Five Questions for the MRF
Q&A with an industry expert
Material streams are changing. End-product purity requirements are tightening. ROI is dependent on commodities markets. How can MRFs best achieve operational efficiencies in such a complex, rapidly evolving sector? Van Dyk Recycling Systems' Adam Lovewell asks five key questions about current MRF best practices and provides simple answers.
1.) How can plants increase uptime and improve quality without having to invest in major equipment upgrades?
Incentivize sorters. Manual sorting is the first and last line of defense in a MRF. Sorters remove objects that cause jams and downtime, and remove prohibitives from final product streams. Setting targets and providing incentives to sorters can stimulate productivity, increase uptime and improve product quality. Sorters win when you win.
2.) How can MRFs improve fibre quality?
Non-wrapping screens create cleaner fibre streams and are being used to target larger grades of paper, while optical sorters are now being installed to target smaller fibre, using a positive sort to achieve the highest quality.
3.) How can MRFs best deal with the rising percentage of film and decreasing percentage of fibre?
The quantity of newspaper in the stream still requires the use of traditional screening. However, the use of optical sorters to target the smaller fractions of fibre, including small OCC, is becoming increasingly popular. Positive removal of fibre from the system leaves the film in the negative fraction, which can be cleaned up using ballistic separators.
4.) Are ballistic separators the future alternative for star screens?
Ballistics are currently utilized for the final cleanup of the container stream to remove any remaining 2D items and small fines. Limited capacity of these machines inhibits them from completely replacing star or disc screening, but as the percentage of large fibre continues to drop, ballistics (in conjunction with optical sorting) will gain a stronger presence in single-stream MRFs.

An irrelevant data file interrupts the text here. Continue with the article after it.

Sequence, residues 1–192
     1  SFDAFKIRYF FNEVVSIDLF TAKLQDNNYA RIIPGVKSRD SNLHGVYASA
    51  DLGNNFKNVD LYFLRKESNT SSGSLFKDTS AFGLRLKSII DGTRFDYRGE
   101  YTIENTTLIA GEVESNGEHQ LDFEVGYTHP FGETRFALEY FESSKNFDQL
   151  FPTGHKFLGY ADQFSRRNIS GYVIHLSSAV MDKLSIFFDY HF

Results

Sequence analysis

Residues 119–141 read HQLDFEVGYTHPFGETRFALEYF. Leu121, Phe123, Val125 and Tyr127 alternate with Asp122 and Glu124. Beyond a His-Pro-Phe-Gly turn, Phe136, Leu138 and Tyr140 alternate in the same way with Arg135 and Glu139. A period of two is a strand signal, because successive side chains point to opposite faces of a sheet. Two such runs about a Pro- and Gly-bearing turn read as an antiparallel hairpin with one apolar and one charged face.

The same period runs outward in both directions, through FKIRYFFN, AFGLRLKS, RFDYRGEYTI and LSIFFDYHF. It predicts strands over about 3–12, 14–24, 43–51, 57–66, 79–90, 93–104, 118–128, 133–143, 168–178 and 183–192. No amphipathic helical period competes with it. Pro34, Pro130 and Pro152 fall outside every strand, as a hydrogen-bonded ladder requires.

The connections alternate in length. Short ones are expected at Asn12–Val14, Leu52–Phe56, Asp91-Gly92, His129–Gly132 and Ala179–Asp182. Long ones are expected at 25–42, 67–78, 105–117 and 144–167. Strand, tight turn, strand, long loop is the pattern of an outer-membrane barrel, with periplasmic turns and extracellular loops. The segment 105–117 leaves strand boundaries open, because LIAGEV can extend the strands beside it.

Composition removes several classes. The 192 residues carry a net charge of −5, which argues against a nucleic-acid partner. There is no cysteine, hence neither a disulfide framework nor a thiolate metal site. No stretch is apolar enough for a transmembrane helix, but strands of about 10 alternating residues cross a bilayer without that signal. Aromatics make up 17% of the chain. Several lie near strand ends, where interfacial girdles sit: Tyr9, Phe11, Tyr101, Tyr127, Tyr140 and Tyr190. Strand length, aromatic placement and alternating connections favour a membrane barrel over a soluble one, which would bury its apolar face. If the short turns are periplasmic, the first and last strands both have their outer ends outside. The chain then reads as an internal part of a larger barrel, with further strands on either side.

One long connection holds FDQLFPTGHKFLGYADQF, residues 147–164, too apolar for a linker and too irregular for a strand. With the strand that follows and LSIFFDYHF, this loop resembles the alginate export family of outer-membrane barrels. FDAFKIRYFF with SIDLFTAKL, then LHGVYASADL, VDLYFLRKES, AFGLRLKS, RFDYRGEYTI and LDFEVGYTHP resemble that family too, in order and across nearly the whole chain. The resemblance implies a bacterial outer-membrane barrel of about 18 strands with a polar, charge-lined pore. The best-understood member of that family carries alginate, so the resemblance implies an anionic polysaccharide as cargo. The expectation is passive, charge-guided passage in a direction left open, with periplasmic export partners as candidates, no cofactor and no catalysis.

5.) For What role should recyclers be looking to utilize robots?
Robotic technology never caught on in Europe after a decade of R&D, so why would it make a significant impact in the U.S.? Currently, robots are not being developed for pre-sort, fibre QC or container separation. Their role is limited to plastic container QC (quality control). Instead, we recommend investing in quality optical sorting. Why do 60 ppm with a robot when you can do 600 ppm with an optical sorter?
Author's background: From 2011 to 2015 Adam Lovewell was a systems engineer for RRT Design and Construction, based out of Long Island, New York. His focus there was on project engineering and construction management for projects in solid waste and recycling. In 2016, Adam was hired by Van Dyk Recycling Solutions as their midwest regional sales manager. Currently based out of Chicago, Lovewell has been involved in projects related to single- and dual-stream recycling, MSW/fuel systems, PET/plastics sorting, electronic scrap, ash handling, metals recovery and commercial mixed waste.